Serangoon Public Library official opening 11 Mar 201132

This picture is easily my favorite: it says "family", "intergeneration", "the young learning with the old"... sweet!
Serangoon Public Library official opening 11 Mar 201133

"Visual Discovery Kiosk"
This is a new service being prototyped at SRPL, something called the "Visual Discovery Kiosk". A touch-screen digital book display, if you will.
Serangoon Public Library official opening 11 Mar 201137

The items displayed complements the Gaming Zone. The kiosk displays "games" related books -- includes Fiction, and Non-Fictional works like game play design and creation -- that belong to SRPL.
Serangoon Public Library official opening 11 Mar 201134 Serangoon Public Library official opening 11 Mar 201136

Clicking on the book cover image displays the synopsis and some item details (author, Call Number, Subject etc.)
Serangoon Public Library official opening 11 Mar 201135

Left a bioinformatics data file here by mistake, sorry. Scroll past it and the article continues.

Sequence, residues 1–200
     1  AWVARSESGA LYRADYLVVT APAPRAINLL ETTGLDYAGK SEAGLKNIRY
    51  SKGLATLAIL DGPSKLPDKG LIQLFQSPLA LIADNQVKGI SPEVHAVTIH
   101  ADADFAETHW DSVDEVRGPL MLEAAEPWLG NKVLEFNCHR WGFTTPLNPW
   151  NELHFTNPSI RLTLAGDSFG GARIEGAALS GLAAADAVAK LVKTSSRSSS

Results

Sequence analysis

"People, Places and Recollections"
This neat little touchscreen display features the winning entries of a “People, Places & Recollections” photo contest. The event was organised before the library's official opening, where the community was invited to share photographs on the Serangoon area.
Serangoon Public Library official opening 11 Mar 201138

It complements the static exhibit on interesting facts and heritage information about the neighbourhood (turn left immediately when you enter the library):
Serangoon Public Library official opening 11 Mar 201139

At least one happy customer
One middle-aged lady approached me and asked, "May I give you some feedback?"

"You certainly can!"

"I just love the library. It's the best use of the taxes I pay."

Next: "Can't find the game? Want to try the book?"